The primary objective of our research is to identify how experiential factors and neuroendocrine changes in motherhood alter behavior and brain plasticity immediately postpartum and across the lifespan. We apply a variety of approaches using rodent models to reveal possible biological mechanisms of postpartum depression and other peripartum mental illnesses.
We have two complementary lines of research focused on maternal adaptations: to delineate the independent contributions of postpartum experiences (lactation and presence of offspring) to stress-related behaviors, neuroendocrine responses to stress, and neural plasticity relevant for depression. The second line is aimed at the roles of oxytocin and prolactin in stress-related behavioral, endocrine, and neural changes in postpartum and reproductively naïve female rats.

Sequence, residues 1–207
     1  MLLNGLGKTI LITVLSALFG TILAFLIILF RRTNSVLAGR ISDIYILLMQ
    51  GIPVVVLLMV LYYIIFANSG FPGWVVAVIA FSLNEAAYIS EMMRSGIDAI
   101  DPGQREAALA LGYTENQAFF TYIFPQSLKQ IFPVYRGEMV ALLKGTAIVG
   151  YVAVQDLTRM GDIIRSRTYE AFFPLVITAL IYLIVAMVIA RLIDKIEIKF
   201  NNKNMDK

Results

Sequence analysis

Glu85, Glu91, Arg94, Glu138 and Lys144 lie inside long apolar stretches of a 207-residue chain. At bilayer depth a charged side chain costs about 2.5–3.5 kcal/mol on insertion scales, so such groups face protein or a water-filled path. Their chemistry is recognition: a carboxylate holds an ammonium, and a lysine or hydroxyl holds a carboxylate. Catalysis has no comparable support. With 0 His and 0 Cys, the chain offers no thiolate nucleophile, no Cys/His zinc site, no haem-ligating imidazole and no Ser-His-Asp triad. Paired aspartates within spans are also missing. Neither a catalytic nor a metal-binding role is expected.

We have a secondary line of research focused on the enduring effects of developmental adversity (with a focus on the postnatal and adolescent periods) on brain development and behavior throughout the lifespan, in both males and females. Adverse circumstances that occur during critical periods in development have long lasting physiological and psychological consequences. Moreover, female subjects are historically understudied in biomedical research, which has profoundly limited our understanding of unique, sex-specific effects of early-life adversity. Psychiatric treatments for mental illnesses are. in part, based on preponderance of preclinical evidence from male subjects, but the efficacy of these treatments can vary depending on sex, age, and the reproductive history of the individuals affected.
Thus, our research serves to bridge these gaps and will ultimately improve the health and wellness of infants, children, and women across their lifespans.